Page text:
In retrospect it seems logical to have happened, but not too long after The Deep Lounge Experience began reintroducing old funk and soul jams, another DJ emerged out of the woodwork and pitched a full night utilizing the same general genre to a nearby rival venue. My partner Erik and I were a little taken aback by this at first, but rather than dwell on the fact that maybe we slept on things a little too long in not branching out from our opening slot sooner we decided to do something a little crazy-seeming. Sure, it became obvious that we needed to get our own night somewhere, but we knew the scene couldn’t support two nights aimed at the same niche market. So, we decided to blaze a new trail by taking a cue from our name and deciding to go for broke in an attempt to create a night dedicated to resurrecting Lounge Music.

Q: So, what’s going on today? Now that your house is overwhelmed by tons of records, do you still go and look for records?

A: Yeah, of course. scoring some wax is one of my favorite highs. Plus I’m somewhat obsessive/compulsive about collecting stuff. I started with comic books as a kid, then went on to building a large library of books. Records fit in quite naturally after that. There’s always something you don’t have or didn’t realize you wanted. I don’t watch television and listening to new records is my favorite semi-mindless pastime. Plus I’ve got a lot of room here, a New York luxury that it would be a shame not to exploit.

Q: Love, hate, obsession, passion, pride, joy, anything else… What would best describe the relation to your collection?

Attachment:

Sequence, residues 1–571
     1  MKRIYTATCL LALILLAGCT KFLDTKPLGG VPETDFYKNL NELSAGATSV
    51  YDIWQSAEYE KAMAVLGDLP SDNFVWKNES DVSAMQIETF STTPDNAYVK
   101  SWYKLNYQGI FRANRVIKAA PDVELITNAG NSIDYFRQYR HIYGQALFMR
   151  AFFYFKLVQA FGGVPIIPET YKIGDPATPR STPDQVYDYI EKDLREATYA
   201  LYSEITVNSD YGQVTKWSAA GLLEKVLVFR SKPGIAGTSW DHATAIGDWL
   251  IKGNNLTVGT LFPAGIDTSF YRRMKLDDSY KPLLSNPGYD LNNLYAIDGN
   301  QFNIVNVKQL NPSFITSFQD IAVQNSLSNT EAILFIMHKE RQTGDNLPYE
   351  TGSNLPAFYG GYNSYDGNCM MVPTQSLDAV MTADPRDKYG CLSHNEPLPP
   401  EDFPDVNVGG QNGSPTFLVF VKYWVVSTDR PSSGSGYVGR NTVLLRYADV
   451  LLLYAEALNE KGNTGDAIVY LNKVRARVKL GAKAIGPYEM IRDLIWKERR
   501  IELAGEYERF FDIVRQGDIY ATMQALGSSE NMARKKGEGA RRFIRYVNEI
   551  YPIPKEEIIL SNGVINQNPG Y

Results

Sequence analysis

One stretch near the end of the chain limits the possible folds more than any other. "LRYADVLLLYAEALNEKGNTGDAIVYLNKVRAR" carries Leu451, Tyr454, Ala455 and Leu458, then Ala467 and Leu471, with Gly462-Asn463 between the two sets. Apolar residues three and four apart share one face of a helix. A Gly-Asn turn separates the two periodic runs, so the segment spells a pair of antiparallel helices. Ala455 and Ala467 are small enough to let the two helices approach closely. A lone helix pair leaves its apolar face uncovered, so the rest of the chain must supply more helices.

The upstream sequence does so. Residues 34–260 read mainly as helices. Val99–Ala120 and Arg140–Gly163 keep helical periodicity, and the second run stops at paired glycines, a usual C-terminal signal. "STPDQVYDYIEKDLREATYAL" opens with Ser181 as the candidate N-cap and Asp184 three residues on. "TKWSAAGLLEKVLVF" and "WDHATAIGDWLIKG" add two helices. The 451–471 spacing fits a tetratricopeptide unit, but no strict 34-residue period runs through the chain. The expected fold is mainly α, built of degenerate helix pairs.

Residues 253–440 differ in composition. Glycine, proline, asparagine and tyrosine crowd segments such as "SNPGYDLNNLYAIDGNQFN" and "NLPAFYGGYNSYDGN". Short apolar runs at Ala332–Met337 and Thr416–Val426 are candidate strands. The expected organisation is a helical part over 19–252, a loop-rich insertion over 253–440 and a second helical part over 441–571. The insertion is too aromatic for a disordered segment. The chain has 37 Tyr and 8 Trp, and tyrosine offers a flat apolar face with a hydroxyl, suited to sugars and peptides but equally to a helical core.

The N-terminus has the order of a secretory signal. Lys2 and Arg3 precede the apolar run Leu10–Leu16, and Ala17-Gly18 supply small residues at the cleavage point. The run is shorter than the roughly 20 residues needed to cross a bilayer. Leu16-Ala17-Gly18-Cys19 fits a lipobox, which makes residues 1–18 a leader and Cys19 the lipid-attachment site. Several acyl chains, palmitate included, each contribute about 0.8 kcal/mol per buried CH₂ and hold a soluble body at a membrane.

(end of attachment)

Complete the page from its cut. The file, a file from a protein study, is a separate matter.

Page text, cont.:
A: When I’m feeling self-important I’d say its a responsibility to the future. Other times I just feel kind of crazy, but also very blessed.
Q: What is an album that scared you in your childhood?

A: I never was that easily frightened, but I did get awfully sick of my mom playing her John Denver records. Does dread and loathing count as fright?

Q: What is an album that played when you thought you were about to get some?

A: I had put on Joao Gilberto’s “Amoroso” for this girl once and halfway into the first song I heard,”What’s up with the make-out music?” Not much apparently…

Q: What is an album that played when you got some?
A: Well, when I lost my virginity Obsession by Animotion was playing (the girlfriend’s choice NOT mineI SWEAR! – Yikes!) A doomed relationship with Gothic witch-type was initiated by Billie Hoilday’s “Lady In Satin” – go figure.
But all in all, the live “Girl From Ipanema” -era Getz/Gilberto album “Getz Au Go Go” isa proven winner many times over.

Q: Your house looks like a perfect venue to revive the lounge scene. Any plans?

A: Well I do throw some great cocktail parties from time to time. You can get on my list by emailing me:

Ochun – The Johnny Richards Orchestra – Lush exotica, though far jazzier than the “primitive” styled cover art would imply. The straight forward arrangements are not as edgy as the Les Baxter work which follows, but this is a fine example of cocktail era curiosity regarding afro-cuban culture.

Pressure and Slide Medley – Byron Lee and the Dragonnaires – The venerable ska come reggae orchestra was still kicking out the serious irie vibes well into the disco-reggae era. This is one of my favorite medleys of all time.

Quite a lovely recording of authentic Haitian Voodoo chants. The hymn to the Goddess Erzulie is truly amazing and beautiful. I am always somewhat leery to play the call to Papa Legba though.

A 1966 album of out-of tune junkies croaking out “inspirational” songs of faith. Not sure if this one would sound any better or worse than me and my friends singing about our “BlackCrack” habit.